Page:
- Urban leaves: Maple Park Cemetery
Topping the list and so easy to see is Maple Park Cemetery in the heart of Springfield, on Grand Street between Campbell and Jefferson avenues. The cemetery is filled with maple trees, which arguably produce the most vivid colors of any tree in the Ozarks. Maple leaves always contain bright red pigments once the green chlorophyll fades away.
Fun fact: Maple Park Cemetery is accessible by a City Utilities bus. Take the red line.
Fall color at the Springfield Conservation Nature CenterBuy Photo
Fall color at the Springfield Conservation Nature Center Tuesday, October 27, 2009. (Photo: News-Leader file photo)
- Riverside leaves: the James River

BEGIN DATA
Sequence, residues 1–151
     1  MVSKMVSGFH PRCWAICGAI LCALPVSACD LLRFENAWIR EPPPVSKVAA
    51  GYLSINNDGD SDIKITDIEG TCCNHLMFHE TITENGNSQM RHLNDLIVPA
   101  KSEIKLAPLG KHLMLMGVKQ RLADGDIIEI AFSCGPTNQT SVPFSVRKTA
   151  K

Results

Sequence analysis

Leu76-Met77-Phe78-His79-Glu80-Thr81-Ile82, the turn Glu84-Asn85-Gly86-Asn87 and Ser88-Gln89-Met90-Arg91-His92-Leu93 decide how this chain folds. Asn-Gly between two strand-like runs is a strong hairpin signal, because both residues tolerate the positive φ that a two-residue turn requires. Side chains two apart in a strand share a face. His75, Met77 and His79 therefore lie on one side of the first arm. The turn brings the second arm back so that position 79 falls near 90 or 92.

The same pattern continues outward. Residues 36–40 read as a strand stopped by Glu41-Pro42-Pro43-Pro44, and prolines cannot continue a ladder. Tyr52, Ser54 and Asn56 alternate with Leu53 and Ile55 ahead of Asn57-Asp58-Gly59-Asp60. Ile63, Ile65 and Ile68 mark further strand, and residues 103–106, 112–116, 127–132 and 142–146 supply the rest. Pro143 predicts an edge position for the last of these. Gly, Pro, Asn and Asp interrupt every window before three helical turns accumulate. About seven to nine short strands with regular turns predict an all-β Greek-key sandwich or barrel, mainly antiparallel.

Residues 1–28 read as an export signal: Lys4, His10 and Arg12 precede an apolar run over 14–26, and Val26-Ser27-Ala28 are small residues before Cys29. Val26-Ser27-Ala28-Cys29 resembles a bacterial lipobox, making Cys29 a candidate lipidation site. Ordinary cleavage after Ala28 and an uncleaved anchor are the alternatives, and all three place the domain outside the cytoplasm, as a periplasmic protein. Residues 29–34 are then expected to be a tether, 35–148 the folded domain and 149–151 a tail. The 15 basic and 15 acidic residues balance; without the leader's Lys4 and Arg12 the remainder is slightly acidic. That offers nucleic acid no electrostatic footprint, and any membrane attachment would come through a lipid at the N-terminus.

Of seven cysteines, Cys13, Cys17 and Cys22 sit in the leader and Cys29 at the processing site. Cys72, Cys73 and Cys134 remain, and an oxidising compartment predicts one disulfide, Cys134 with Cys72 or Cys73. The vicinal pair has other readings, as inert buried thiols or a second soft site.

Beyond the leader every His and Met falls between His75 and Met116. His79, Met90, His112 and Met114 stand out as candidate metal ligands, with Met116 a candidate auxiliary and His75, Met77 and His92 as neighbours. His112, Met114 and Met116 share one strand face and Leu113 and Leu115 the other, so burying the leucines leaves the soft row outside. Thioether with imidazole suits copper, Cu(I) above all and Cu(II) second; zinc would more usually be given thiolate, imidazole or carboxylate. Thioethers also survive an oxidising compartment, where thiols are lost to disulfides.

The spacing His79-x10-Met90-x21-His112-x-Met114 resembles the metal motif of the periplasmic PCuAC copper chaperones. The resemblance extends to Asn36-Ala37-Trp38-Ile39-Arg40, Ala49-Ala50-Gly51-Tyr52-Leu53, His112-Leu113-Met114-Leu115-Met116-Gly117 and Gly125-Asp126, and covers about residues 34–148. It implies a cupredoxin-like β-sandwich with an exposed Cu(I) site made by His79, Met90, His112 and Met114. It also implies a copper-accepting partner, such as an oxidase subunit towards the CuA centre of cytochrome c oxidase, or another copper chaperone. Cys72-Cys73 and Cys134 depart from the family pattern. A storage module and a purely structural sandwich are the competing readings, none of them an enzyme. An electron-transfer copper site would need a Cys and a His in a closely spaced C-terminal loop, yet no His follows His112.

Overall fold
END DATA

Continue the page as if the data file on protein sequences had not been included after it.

Hiking trails and paddling trips on the James River offer great ways to get outdoors and experience the fall colors.
Walking trails at the Springfield Conservation Nature Center take wanderers down to the river’s edge. Sycamores, oaks and ash trees will soon turn from green to yellow, orange and gold.
Splash your canoe or kayak at Lake Springfield and follow the James River Water Trail five miles upstream to enjoy trees changing color along the shoreline.
In fact, MDC recommends routes along any river with views of forested bluffs and on float trips under a colorful forest canopy.
The cold, blue waters of Ha Ha Tonka Spring emerge
The cold, blue waters of Ha Ha Tonka Spring emerge from a towering rock bluff. (Photo: File photo)
- Laughing water leaves: Ha Ha Tonka State Park
Another beautiful fall hike among the trees, the trails at the 3,751-acre Ha Ha Tonka State Park, an hour and 20 minutes northeast of Springfield, are a great place to see the changing trees and towering karst cliffs up close.